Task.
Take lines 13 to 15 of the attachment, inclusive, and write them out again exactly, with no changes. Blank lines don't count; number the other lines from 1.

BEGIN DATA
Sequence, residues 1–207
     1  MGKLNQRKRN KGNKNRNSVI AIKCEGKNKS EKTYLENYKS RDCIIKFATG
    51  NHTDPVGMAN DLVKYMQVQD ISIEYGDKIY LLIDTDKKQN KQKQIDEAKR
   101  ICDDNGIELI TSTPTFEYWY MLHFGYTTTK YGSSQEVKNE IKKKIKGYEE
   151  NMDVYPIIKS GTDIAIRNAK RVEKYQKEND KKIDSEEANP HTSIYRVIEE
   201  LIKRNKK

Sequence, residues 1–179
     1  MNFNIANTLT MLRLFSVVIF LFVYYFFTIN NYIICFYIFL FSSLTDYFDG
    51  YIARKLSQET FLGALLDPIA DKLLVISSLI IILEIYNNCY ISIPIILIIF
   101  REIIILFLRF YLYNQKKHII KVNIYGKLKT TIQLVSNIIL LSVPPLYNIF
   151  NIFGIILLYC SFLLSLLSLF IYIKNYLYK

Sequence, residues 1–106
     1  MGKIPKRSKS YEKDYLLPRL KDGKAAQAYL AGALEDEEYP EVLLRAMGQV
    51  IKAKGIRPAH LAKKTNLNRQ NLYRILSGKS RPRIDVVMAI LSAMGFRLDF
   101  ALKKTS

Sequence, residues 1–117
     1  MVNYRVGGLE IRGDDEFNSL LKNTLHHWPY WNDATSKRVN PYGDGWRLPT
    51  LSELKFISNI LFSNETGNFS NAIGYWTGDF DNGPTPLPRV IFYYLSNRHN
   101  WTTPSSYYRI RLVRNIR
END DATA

     1  MGKIPKRSKS YEKDYLLPRL KDGKAAQAYL AGALEDEEYP EVLLRAMGQV
    51  IKAKGIRPAH LAKKTNLNRQ NLYRILSGKS RPRIDVVMAI LSAMGFRLDF
   101  ALKKTS